The 60 Minutes report that helped reveal Lance Armstrong doping

In a bombshell 2011 report, Armstrong's former teammate Tyler Hamilton told Scott Pelley he watched Armstrong take performance-enhancing drugs.

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For a time, Lance Armstrong was a sports legend, an exceptional athlete who beat cancer and went on to win the Tour de France a record seven times.

But Armstrong's story was a myth, his career propped up by illegal drugs and procedures designed to give him an advantage against his competition. While rumors had persisted about Armstrong for years, it was not until 2011 that a 60 Minutes report revealed the extent of Armstrong's doping. 

At the time, a federal investigation was looking into Armstrong's use of performance-enhancing drugs. A grand jury had been hearing secret testimony from some of Armstrong's former teammates on the U.S. Postal Service team, including one of his most prominent support riders, Tyler Hamilton.

In a 60 Minutes interview, Hamilton told 60 Minutes correspondent Scott Pelley that Armstrong not only took performance-enhancing drugs, but he also encouraged his team to use them. An excerpt from that report can be seen in the video above.

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Lance Armstrong in July 2005. Javier Soriano/AFP/Getty Images

"He took what we all took, really no difference between Lance Armstrong and I'd say the majority of the peloton, you know," Hamilton said. "There was EPO. There was testosterone. And I did see a transfusion, a blood transfusion."

EPO refers to erythropoietin, a banned hormone that regulates red blood cell production. The blood transfusions, also known as "blood doping," was another method some riders used to boost their red blood cells. In blood doping, which is banned by the sport's governing body, a rider gives his own blood, stores it, and then, at a critical point in a race, transfuses the blood back into his body.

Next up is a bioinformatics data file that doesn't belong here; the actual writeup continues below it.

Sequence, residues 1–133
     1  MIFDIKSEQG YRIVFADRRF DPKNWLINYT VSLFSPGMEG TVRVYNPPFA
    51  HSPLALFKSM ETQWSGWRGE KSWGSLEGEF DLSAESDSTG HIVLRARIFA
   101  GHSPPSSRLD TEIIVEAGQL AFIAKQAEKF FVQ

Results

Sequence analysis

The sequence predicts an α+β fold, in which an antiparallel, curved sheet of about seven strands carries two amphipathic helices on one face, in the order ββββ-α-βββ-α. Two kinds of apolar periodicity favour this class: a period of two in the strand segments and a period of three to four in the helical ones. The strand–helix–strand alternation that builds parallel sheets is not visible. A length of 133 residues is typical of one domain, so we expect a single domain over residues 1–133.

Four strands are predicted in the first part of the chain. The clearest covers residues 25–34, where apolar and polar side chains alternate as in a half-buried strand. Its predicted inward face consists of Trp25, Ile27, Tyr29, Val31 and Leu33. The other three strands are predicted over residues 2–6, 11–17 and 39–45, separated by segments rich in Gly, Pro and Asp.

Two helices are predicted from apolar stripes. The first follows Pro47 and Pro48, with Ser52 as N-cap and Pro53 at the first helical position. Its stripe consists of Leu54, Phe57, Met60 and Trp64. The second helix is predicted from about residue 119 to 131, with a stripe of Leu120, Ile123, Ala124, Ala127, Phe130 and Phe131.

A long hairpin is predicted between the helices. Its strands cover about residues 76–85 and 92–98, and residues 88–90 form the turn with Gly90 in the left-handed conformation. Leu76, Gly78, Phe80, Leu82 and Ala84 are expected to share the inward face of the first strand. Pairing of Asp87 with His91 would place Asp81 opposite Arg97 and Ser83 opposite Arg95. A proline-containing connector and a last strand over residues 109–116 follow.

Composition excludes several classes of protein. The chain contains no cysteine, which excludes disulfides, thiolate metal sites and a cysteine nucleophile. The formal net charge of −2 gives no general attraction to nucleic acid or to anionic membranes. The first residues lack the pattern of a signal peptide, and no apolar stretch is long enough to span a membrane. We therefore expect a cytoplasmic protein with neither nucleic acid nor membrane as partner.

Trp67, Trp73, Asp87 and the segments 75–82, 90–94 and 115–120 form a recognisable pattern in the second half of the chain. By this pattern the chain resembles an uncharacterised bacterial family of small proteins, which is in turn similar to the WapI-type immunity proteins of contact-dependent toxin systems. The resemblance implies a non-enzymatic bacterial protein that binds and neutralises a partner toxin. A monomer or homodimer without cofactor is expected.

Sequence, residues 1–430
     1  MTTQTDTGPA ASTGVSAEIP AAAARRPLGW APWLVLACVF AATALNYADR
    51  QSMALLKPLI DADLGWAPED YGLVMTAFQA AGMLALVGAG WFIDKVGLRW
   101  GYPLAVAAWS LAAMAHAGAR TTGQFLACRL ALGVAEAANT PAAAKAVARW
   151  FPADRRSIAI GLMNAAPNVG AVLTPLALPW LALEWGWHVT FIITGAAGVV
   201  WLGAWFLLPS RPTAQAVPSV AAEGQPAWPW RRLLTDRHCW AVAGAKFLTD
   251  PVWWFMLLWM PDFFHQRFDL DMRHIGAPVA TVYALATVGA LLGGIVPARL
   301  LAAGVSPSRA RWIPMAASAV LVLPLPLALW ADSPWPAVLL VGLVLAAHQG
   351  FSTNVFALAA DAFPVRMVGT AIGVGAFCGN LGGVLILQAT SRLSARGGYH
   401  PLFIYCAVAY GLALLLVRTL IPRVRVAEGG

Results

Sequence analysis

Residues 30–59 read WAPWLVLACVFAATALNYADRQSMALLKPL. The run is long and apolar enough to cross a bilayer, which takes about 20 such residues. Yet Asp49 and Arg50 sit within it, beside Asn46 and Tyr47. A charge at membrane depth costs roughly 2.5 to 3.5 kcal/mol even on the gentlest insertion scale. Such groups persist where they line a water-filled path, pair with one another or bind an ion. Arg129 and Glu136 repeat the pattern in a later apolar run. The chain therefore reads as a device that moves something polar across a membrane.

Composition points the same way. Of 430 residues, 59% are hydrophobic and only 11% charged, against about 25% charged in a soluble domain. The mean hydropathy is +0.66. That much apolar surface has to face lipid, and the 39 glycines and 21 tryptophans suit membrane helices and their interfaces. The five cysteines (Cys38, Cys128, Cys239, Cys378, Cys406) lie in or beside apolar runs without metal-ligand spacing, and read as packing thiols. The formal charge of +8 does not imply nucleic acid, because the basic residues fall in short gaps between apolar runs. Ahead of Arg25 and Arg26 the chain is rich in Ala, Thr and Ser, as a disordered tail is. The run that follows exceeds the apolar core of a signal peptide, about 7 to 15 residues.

Hamilton told Pelley he watched a transfusion going back into Armstrong's blood during the 2000 Tour de France race.

"But I was transfusing blood," Hamilton said. "And my teammate was. And I guarantee you every other team had probably two or three riders that were doing the same thing. I'd bet my life on it."

Armstrong had declined to speak with Pelley. After the report aired, Armstrong's lawyers demanded an on-air apology from 60 Minutes. 

"In the cold light of morning, your story was either extraordinarily shoddy, to the point of being reckless and unprofessional, or a vicious hit-and-run job," Armstrong's attorney Elliot Peters wrote. "In either case, a categorical on-air apology is required."

CBS News stood by the report, saying in a statement: "Lance Armstrong and his lawyers were given numerous opportunities to respond to every detail of our reporting for weeks prior to the broadcast and their written responses were fairly and accurately included in the story. Mr. Armstrong still has not addressed charges by teammates Tyler Hamilton and George Hincapie that he used performance enhancing drugs with them." 

In January 2013, less than two years after the 60 Minutes report aired, Armstrong admitted to doping during each of his Tour de France wins.